Highlights of recent developments (all reported below and on oanow.com):
--President Trump on Tuesday evening officially declared Lee County a disaster area, opening the door to federal aid.
--Trump is scheduled to visit the area sometime Friday. Other state and federal VIPs also are likely to visit during the week.
--Volunteers are being organized today, beginning at 10 a.m. at a registration station in Smiths Station. Details below, and in a separate story on oanow.com
--The Lee County tornado remains an EF-4; however the Macon and Barbour County twisters were both upgraded from EF-1 to EF-2.
--The death toll remains 23, with all IDs released Tuesday. Only a handful of people remain on the missing list. Two large corporations offered on Tuesday to pay all funeral expenses. Several obits began appearing in today's print edition of the Opelika-Auburn News, and online at oanow.com
--How big was the monster? A weather expert is amazed by size of the path of destruction left behind. See related story today on oanow.com
--One couple in Smiths Station, he an Opelika fireman and she at home when the storms hit, tell of their experience, which includes a flying fish. oanow.com
--Auburn basketball brought home a big win from Tuscaloosa on Tuesday night, defeating Alabama 66-60. Comments and a moment of silence was shared related to the Lee County disaster and support for the community. (see below)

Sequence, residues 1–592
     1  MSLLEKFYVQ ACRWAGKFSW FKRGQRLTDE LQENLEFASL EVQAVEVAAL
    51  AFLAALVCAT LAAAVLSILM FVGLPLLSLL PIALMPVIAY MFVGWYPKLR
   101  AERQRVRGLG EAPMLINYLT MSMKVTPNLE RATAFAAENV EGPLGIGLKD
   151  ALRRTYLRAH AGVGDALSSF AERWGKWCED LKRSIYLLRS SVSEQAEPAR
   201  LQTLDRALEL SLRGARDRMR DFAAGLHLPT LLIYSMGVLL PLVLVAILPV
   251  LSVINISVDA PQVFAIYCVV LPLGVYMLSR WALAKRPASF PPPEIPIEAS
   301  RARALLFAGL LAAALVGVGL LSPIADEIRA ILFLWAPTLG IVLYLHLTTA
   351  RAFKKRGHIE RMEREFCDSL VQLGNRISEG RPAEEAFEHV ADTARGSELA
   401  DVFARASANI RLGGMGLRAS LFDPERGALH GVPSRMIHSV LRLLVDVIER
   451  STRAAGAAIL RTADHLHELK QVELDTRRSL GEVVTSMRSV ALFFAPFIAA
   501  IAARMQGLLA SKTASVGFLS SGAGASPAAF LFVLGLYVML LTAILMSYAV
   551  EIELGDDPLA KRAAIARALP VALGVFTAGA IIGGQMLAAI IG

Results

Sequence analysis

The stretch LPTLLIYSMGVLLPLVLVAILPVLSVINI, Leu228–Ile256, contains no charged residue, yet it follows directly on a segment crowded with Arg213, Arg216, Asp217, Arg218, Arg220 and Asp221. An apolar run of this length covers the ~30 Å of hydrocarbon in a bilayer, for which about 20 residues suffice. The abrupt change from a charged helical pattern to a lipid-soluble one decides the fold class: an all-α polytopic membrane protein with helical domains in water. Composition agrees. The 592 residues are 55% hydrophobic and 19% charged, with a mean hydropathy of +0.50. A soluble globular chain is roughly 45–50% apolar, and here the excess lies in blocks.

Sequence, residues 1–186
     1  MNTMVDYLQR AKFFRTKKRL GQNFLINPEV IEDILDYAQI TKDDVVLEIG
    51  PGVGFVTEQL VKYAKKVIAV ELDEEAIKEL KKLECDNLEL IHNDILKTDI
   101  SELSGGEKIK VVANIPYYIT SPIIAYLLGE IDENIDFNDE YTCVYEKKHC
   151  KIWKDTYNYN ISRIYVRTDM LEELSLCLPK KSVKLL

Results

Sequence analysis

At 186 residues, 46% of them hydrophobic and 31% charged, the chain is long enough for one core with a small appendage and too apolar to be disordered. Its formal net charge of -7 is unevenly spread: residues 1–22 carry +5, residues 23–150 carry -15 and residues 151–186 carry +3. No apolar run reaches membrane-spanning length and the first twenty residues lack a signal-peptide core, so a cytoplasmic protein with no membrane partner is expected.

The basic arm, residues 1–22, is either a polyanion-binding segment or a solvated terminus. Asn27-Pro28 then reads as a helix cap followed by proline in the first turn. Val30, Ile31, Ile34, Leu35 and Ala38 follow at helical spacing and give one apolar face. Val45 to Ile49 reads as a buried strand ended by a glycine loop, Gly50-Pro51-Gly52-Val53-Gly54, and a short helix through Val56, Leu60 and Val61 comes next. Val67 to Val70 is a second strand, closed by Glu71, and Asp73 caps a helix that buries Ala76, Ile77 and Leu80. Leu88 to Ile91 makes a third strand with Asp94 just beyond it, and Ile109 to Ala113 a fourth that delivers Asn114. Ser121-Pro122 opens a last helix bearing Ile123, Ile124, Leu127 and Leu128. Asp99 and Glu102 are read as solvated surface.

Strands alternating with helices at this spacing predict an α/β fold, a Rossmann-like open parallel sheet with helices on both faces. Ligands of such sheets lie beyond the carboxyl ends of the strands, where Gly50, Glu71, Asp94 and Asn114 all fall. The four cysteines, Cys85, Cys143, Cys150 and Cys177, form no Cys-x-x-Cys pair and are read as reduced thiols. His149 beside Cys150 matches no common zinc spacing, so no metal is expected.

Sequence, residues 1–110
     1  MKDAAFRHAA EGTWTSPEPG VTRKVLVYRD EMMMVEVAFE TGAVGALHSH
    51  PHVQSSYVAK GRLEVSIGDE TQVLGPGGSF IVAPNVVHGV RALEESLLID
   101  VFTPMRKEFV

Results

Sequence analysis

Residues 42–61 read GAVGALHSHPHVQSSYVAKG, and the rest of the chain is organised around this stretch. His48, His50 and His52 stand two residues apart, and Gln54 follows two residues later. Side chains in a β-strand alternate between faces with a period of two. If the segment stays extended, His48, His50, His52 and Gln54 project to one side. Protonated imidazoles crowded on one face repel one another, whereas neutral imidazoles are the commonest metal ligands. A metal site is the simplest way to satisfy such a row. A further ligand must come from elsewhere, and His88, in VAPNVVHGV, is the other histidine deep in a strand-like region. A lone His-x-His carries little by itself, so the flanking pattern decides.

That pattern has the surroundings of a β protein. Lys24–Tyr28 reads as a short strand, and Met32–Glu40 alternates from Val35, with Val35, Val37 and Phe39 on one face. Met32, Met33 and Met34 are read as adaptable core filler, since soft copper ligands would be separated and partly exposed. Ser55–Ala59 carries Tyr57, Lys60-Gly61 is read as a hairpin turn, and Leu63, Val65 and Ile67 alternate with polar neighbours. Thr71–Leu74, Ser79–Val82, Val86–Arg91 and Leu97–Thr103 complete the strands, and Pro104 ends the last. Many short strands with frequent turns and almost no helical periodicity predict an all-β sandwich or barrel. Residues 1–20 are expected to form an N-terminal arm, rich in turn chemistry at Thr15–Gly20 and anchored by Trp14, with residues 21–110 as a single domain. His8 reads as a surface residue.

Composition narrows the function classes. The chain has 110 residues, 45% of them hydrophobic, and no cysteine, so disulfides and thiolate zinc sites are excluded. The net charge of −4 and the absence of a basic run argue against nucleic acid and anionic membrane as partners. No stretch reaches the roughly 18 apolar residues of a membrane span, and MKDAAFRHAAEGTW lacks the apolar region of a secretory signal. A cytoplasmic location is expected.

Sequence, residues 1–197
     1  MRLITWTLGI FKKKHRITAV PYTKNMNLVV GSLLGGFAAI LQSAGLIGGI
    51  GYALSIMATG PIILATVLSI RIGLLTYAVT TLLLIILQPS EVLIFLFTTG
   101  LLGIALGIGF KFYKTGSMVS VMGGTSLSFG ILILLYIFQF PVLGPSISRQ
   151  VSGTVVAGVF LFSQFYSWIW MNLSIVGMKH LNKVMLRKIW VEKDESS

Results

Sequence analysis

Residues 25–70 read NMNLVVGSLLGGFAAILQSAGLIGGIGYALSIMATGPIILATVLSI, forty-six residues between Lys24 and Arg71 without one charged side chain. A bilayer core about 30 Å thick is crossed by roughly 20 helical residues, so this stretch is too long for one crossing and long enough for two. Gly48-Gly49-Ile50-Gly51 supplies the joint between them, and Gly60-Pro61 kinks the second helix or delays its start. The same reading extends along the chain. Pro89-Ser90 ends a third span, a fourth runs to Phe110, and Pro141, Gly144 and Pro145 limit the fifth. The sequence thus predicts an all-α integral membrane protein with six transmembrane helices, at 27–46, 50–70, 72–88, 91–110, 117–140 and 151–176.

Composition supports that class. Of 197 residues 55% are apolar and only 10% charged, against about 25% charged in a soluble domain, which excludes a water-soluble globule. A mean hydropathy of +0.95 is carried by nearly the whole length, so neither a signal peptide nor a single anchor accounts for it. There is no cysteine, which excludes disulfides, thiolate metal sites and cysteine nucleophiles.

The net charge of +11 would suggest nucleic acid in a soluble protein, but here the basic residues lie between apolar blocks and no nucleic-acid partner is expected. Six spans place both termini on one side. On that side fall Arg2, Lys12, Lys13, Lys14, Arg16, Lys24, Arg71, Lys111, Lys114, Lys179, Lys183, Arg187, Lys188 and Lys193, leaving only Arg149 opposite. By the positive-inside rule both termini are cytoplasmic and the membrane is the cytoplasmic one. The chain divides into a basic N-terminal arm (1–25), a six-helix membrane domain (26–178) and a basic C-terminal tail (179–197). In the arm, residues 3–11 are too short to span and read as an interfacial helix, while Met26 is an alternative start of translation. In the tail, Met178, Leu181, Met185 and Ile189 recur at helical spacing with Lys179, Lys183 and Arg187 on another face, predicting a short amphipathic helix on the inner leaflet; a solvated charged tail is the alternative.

--There will be a press conference at 10 a.m. today; we will be there to share with you the latest details, and we will continue to provide live reports and new stories and photos throughout the day.
Updated, 7 a.m. Wednesday
Auburn basketball thinking of community
Auburn men's basketball team traveled to Tuscaloosa Tuesday night to take on arch rival Alabama, winning the big game 66-60.
However, there was nothing but unity when it came to sharing solemn moments and thoughts about the lives lost and damage inflicted from sudden tornado disasters.
Many from the Auburn community traveled to help in Tuscaloosa when hundreds were killed statewide in tornadoes that struck in 2011.
This week, officials and others in Tuscaloosa have extended offers and support to Auburn, including a moment of silence observed prior to Tuesday night's basketball game.
Auburn star Jared Harper had this to say following the big win for the Tigers:
“With this being against Alabama, it’s big for our community.
“Us as basketball players and athletes in Auburn, we’re role models, so I know our team and all of Auburn, we’re going to do everything we can do to help.”
Coach Bruce Pearl and others associated with Auburn athletics have tweeted support for the community this week.
Updated, 7:30 p.m. Tuesday
Companies offer to pay funeral expenses